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Posted: February 9, 2008
Nano-thermal analysis for polymer characterization
(Nanowerk News) For many years, the polymer industry has used thermal analysis measurements to characterize bulk material properties. However, now it has been proved that making localized thermal measurements on much smaller size scales reveals a lot more about how individual components behave at the domain level in terms of properties such as amorphous versus crystalline phases or the distribution of an active component in a heterogeneous mixture.
Example of polymer analysis data using nanoTA (Image: Drs Greg Meyers and Andrew Pastzor).
In 2006, Anasys launched the nano-TA module to enable users of scanning probe microscopes perform localized thermal analysis. More recently, the stand-alone VESTA system has enabled point-and-click localized thermal analysis measurements without the need for expertise and high investment in a SPM system. With specially fabricated silicon probes, these tools are able to locally heat very small areas of a sample surface and measure thermomechanical signals by monitoring the deflection of the probe. This produces the accurate measurement of thermal events such as the glass transition or the melting point of materials at a resolution of less than 100nm.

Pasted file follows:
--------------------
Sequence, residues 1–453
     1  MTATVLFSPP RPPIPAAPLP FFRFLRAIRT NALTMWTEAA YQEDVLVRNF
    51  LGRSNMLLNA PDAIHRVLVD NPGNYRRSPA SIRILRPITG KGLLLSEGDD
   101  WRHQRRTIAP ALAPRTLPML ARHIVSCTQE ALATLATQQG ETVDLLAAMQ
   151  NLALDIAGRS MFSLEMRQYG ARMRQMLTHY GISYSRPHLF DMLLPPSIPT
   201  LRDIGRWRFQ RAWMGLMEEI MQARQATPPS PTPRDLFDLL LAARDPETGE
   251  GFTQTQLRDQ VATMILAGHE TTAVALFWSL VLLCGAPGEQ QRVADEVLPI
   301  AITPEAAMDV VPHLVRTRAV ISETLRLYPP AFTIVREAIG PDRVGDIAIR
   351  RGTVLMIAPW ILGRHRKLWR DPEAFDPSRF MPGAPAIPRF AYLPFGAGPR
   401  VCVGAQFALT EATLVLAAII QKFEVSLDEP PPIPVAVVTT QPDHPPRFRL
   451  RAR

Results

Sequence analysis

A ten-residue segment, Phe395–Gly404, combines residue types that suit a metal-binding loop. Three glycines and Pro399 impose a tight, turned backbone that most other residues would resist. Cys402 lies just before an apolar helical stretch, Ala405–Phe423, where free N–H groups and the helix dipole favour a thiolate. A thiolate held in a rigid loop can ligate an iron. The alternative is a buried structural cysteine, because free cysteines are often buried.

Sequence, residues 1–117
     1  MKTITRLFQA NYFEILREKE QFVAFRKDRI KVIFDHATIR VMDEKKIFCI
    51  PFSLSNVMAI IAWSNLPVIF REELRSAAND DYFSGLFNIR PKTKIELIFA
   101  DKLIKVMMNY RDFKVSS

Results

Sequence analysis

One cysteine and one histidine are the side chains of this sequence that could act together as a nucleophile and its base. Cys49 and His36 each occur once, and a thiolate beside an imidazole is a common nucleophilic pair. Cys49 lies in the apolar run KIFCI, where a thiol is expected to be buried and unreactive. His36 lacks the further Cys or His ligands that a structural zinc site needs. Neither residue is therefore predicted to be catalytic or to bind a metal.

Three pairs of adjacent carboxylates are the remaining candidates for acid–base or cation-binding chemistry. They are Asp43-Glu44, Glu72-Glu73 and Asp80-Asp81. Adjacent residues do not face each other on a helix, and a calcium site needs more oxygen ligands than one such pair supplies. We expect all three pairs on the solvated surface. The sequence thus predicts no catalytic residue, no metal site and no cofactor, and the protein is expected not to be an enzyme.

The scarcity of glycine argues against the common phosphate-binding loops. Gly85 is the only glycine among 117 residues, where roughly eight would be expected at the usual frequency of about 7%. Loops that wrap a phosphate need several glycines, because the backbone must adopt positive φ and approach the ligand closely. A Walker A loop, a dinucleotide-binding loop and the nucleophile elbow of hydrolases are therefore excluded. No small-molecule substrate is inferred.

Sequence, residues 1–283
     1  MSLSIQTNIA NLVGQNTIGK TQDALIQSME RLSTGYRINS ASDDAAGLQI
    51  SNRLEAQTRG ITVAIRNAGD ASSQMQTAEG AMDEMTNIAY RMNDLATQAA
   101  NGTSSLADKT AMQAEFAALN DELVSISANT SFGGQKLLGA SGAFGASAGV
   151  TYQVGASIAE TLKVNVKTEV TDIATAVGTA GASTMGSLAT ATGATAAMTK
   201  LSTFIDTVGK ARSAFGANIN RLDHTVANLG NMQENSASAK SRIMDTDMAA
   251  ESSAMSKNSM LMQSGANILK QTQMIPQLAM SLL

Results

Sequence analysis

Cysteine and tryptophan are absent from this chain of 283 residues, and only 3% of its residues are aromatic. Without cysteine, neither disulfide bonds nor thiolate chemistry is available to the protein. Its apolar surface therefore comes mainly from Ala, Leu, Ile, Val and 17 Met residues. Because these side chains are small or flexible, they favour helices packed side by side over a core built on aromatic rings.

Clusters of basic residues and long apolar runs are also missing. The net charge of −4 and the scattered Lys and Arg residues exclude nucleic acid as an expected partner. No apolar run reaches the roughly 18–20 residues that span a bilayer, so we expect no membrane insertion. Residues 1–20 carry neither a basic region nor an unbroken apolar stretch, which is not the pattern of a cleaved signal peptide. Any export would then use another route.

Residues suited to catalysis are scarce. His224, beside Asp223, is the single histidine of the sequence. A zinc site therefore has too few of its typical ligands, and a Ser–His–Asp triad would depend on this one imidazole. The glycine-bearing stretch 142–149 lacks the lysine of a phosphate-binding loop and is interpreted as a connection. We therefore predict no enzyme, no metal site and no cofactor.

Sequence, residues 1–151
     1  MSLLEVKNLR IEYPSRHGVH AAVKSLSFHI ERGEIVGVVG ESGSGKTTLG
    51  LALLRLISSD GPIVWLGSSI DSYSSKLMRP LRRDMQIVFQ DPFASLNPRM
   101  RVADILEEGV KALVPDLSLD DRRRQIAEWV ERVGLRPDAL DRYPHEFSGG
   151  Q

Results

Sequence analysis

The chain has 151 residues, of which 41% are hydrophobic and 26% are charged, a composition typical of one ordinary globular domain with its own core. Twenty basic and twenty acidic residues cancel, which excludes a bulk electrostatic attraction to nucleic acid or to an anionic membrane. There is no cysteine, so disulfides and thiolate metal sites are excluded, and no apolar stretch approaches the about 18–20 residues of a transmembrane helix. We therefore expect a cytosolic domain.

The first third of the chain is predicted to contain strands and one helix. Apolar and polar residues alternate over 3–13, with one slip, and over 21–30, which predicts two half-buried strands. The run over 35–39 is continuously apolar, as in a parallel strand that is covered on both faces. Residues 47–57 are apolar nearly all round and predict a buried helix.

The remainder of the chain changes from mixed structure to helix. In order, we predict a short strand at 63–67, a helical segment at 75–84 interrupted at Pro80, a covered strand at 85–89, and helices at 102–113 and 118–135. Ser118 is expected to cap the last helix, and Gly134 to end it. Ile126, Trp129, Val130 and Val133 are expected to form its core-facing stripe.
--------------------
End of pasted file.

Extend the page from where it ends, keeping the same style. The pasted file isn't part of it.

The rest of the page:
Two examples of the utility of nanoscale thermal measurements have been published as applications papers available free for downloading from the Anasys web site.
Dow Chemical researchers Drs Greg Meyers and Andrew Pastzor have reported their work that shows correlation between nanoscale and bulk thermal analysis studies. It verifies the capability of the nano-thermal technique to obtain accurate, relevant thermal analysis information while also allowing analysis of localized areas on the sample or very small quantities of material. This greatly extends the utility of thermal analysis to polymer blends, composites and surface properties of materials.
At Eastman Chemical, Dr Louis T. Germinario has applied nanoscale thermal analysis to the study of automotive coatings. Nano-thermal analysis in combination with AFM proves to be a very valuable tool for the study of polymeric coatings and surfaces in general, since it allows not only imaging but also direct identification and characterization of the different domains at the sample surface on a 100 nm scale. The data clearly demonstrate that nano-TA is more sensitive to surface effects than modulated differential scanning calorimetry which is a measure of the sample averaged or bulk property and hence cannot detect the surface chemical and structural degradation suffered by coatings.
With a rapidly growing user base in both industry and academia, it is clear that more groups are adopting nano-TA for routine use in both materials characterization and research laboratories.To review these applications notes and other publications from Anasys, visit www.anasysinstruments.com.